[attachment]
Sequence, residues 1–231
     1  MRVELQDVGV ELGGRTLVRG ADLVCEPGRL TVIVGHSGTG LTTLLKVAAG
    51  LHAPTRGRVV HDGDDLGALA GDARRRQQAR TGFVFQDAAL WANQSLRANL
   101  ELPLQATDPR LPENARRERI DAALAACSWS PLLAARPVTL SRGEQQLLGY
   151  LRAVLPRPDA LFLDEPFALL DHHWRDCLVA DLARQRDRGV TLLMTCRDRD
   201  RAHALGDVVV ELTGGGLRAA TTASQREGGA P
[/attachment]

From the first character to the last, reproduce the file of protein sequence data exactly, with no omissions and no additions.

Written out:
Sequence, residues 1–231
     1  MRVELQDVGV ELGGRTLVRG ADLVCEPGRL TVIVGHSGTG LTTLLKVAAG
    51  LHAPTRGRVV HDGDDLGALA GDARRRQQAR TGFVFQDAAL WANQSLRANL
   101  ELPLQATDPR LPENARRERI DAALAACSWS PLLAARPVTL SRGEQQLLGY
   151  LRAVLPRPDA LFLDEPFALL DHHWRDCLVA DLARQRDRGV TLLMTCRDRD
   201  RAHALGDVVV ELTGGGLRAA TTASQREGGA P